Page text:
President Biden on Monday urged state and local officials to reconsider lifting their coronavirus restrictions and to reinstate mask mandates that have lapsed as the U.S. faces an increase in cases.

Dr. Rochelle Walensky, director of the Centers for Disease Control and Prevention, testifies during a Senate Health, Education, Labor and Pensions Committee hearing on March 18, in Washington, DC. Susan Walsh/Pool/Getty Images
President of the United States of America Joe Biden

His request comes as Dr. Rochelle Walensky, director of the Centers for Disease Control and Prevention, said in a virtual White House briefing on Monday she had a feeling of “impending doom,” saying that “right now, I’m scared.”

Biden said, “I’m reiterating my call for every governor, mayor and local leader to maintain and reinstate the mask mandate,” Biden said at an event intended to highlight the rapid increase in vaccine eligibility. “Please, this is not politics. Reinstate the mandate if you let it down.

Asked later if some states should pause reopening efforts, Biden said “yes.”

Upon taking office, he issued a call for Americans to mask up for the first 100 days of his administration, arguing that doing so would help curb COVID-19 cases while the country ramped up vaccinations.

States have aggressively started lifting mask mandates and easing restrictions on businesses and events in recent weeks as vaccine availability steadily increases, prompting concern from some in the federal government.

Dr. Walensky, said, “Now is one of those times when I have to share the truth, and I have to hope and trust you will listen. I’m going to pause here. I’m going to lose the script, and I’m going to reflect on the recurring feeling I have of impending doom,” Walensky said, appearing to tear up.

“We have so much to look forward to, so much promise and potential of where we are and so much reason for hope. But right now, I’m scared,” Walensky said.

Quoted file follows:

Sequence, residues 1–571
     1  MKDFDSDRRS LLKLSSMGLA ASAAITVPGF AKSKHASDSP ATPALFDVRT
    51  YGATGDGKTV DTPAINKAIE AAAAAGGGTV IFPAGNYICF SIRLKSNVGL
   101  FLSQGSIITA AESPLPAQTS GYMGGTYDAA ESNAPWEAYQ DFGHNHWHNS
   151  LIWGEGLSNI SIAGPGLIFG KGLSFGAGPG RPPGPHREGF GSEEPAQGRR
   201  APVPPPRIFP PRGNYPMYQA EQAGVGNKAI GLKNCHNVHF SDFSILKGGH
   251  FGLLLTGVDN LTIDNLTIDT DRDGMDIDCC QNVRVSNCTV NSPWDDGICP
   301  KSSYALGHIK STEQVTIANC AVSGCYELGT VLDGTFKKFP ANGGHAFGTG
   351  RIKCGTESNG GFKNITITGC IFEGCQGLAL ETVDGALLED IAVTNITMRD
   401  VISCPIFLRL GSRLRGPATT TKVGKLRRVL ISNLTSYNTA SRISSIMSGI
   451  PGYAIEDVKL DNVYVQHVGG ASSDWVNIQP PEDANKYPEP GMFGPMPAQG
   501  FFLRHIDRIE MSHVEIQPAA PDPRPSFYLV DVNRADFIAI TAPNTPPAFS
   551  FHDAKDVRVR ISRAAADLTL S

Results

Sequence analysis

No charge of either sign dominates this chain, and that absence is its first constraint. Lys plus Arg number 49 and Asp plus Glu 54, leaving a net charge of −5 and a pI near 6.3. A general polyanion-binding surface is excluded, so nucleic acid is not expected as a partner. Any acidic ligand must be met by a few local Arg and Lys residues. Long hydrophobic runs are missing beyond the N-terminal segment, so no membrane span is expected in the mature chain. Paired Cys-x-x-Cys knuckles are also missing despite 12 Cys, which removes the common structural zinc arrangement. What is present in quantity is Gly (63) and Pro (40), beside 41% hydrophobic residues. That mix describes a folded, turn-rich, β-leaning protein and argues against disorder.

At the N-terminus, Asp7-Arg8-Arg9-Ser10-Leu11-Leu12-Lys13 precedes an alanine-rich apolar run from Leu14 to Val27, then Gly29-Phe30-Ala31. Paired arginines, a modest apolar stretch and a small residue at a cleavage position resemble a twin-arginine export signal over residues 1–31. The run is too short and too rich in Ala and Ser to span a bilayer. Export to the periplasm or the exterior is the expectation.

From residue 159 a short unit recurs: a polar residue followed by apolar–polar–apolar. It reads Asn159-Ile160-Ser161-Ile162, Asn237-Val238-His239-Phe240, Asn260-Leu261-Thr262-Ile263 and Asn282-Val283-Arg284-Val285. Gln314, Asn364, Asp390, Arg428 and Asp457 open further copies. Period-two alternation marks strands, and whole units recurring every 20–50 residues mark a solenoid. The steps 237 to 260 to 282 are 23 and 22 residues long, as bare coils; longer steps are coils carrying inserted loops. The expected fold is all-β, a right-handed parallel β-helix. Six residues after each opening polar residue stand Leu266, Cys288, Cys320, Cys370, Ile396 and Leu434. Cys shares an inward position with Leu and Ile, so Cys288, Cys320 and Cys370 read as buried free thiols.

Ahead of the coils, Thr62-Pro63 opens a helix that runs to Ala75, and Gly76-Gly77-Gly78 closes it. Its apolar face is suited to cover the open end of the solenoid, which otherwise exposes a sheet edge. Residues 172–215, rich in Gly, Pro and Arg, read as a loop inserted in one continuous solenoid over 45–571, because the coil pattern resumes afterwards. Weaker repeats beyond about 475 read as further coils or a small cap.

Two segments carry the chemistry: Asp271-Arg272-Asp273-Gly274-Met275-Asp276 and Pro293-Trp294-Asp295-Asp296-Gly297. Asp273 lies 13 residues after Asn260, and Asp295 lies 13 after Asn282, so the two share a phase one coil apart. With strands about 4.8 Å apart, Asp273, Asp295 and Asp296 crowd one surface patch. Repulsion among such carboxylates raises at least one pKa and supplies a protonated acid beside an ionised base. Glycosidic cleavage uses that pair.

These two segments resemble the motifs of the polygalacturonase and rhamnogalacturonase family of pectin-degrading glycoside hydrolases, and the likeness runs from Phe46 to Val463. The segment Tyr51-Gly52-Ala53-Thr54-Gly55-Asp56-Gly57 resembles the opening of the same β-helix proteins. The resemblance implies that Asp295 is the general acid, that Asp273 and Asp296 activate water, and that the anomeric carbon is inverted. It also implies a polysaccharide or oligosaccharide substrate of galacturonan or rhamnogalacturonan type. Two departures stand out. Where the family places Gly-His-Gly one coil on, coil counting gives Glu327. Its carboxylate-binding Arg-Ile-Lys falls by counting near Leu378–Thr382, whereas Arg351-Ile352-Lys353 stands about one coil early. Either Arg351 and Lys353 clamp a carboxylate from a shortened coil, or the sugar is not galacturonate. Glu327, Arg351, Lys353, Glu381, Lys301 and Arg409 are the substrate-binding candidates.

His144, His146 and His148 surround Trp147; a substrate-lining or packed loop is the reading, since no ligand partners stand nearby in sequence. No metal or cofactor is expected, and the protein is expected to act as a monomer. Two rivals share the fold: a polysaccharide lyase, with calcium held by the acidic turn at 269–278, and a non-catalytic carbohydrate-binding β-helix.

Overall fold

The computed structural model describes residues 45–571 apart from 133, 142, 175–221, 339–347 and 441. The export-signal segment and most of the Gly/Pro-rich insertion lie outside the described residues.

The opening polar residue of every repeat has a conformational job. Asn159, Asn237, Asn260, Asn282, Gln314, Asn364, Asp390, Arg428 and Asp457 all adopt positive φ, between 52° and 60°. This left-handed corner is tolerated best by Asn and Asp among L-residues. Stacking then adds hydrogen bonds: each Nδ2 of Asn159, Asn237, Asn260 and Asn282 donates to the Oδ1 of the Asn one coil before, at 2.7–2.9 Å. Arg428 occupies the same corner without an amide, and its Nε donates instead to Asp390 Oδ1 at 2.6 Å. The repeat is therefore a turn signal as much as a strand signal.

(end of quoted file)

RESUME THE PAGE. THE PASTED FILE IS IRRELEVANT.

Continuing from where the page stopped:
“I know what it’s like as a physician to stand in that patient room — gowned, gloved, masked, shielded — and to be the last person to touch someone else’s loved one, because they are not able to be there,” she continued.

Walensky said that the United States has come “such a long way” with three authorized vaccines and pleaded with the nation to keep following mitigation measures and “just please hold on a little while longer.”

She went on to further explain why she worries about “impending doom,” referencing how the country has seen a steady increase of coronavirus infections.

“What we’ve seen over the last week or so is a steady rise of cases,” Walensky said. “I know that travel is up, and I just worry that we will see the surges that we saw over the summer and over the winter again.”

According to Walensky, the seven day average of new cases is around 60,000 cases per day, a 10 percent increase over the past week. The numbers are still a far cry from the peak in January, but the rise comes after a sustained period of stagnation.

“When we see that uptick in cases, what we have seen before is that things really have a tendency to surge, and surge big,” Walensky said.

Walensky said hospitalizations have also increased over the past week, as the most recent seven day average is about 4,800 admissions per day, up from 4,600 admissions per day in the prior seven days.

She said that the country has come “such a long way” with three authorized vaccines and pleaded with the nation to keep following mitigation measures and “just please hold on a little while longer.”

The U.S. trends are mirroring what’s happening in Europe, where nations are once again locking down amid a rapid increase in cases that is straining health care systems.

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